Rebekah Sanders: Lots of talk. One of the possibilities that's been floated is that perhaps the city is trying to get Jerry Ryansdorf the Chicago sports mogul, back involved. He's been in and out of this process about three or four times, but they certainly have a relationship with him. Namely because of his White Sox team playing at Glendale's ballpark and for other reasons.

Ted Simons: And they also have an extra year now, not only to work with Hulsizer, but to maybe work with Ryansdorf whoever else happens to come down the pike.

Rebekah Sanders: They have another year, but a lot of people say please don't take that full year. It's already been two years since the coyotes first went into bankruptcy, and all of its financial problems surfaced. Another year is just going to be difficult on fans, on the team, on the team budget. It's not a good situation if it lasts that long.

Ted Simons: What was the Goldwater Institute's take on this $25 million more going to the NHL?

Rebekah Sanders: The Goldwater Institute has opposed the city's deal with Hulsizer, saying it puts taxpayers at risk, it amounts to a government subsidy of private business, which they say is illegal. But on the $25 million agreement, Goldwater has kind of stayed hands-off. They've said we're analyzing it in the context of the full team agreement, Glendale's agreement to keep the team, and we're not going to wade in with a lawsuit right now if we haven't seen everything play out.

Ted Simons: Speaking of lawsuits, we had heard somewhere in the dim and distant past that the city of Glendale was thinking of suing the goldwater institute because of what the goldwater institute has done in kind of mucking up the works for selling these bonds. What happened to those plans?

Rebekah Sanders: The NHL and Glendale both said that Goldwater was harming the city financially by raising questions, by writing letters to bond agencieses about their potential lawsuit and kind of scaring off investors. So there was talk that Glendale might sue Goldwater for damages. But that never materialized. And there were a lot of attempts in different ways including bringing on intense public figures such as Senator John McCain to get Goldwater to back off so the deal could go forward. But they never really took hold with the group.

Ted Simons: I guess in another year, I guess could you look at it this way as well, if there is a legal option for the NHL and/or the city of Glendale, gives them more time to figure that out.

Rebekah Sanders: It does, and Goldwater has said here are some options, but of course the amount of money involved and the team's history, and needs financially make everything complicated, as well as how many parties are involved. The NHL, the team owner, the Glendale -- it's very complicated.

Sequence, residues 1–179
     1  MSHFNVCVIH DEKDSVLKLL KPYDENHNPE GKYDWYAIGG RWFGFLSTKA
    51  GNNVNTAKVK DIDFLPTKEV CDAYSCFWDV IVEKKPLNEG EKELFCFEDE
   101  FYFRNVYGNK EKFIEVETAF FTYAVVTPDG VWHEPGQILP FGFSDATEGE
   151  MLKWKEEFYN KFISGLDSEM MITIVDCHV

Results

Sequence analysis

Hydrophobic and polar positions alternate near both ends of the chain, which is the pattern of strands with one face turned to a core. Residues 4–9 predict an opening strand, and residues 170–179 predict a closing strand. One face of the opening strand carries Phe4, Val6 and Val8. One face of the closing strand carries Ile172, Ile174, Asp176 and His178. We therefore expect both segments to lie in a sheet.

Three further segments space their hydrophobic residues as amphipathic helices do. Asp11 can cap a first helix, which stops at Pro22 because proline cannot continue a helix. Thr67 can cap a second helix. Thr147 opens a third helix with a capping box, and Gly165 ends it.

Ted Simons: So with all this complication, what's next? What do we look for? What do you expect to see in this drama?

Rebekah Sanders: Well, I think the next thing to watch for is whether Hulsizer will stay in the deal or announce he's out, and if he stays in, you'll have watch for what's the next step. How will the deal change in order to move it forward. If he drops out, then you'll be watching for, well, who's the buyer that Glendale thinks they can get in here and work out a deal with?

Ted Simons: Real quickly, is there a possibility that if Hulsizer drops out, and whoever these other people are, just aren't panning out, the NHL could say, it's $25 million is fine, but we've got a buyer, we're leaving town. Even though there's an agreement to stay one more year? Is that agreement pretty fixed?

Rebekah Sanders: The agreement looks pretty concrete for this coming season. So I wouldn't say the NHL would break that lease and move the team in the middle of the season. It doesn't make financial sense. The question will really come more in the April-May time frame of next year if the deal isn't done. What's interesting about this agreement is that it also provides for an extensive annually of up to 10 years of the NHL managing the arena, and it's not entirely clear if that means that it's 25 million from the city and each annual extension, but there seems to be some consideration of whether this goes on longer.

Ted Simons: Oh my goodness gracious, so -- this could be the beginning of the beginning instead of the beginning of the end. Thanks for joining us. We appreciate it.

Rebekah Sanders: Thanks a lot.

Rebekah Sanders:Arizona Republic;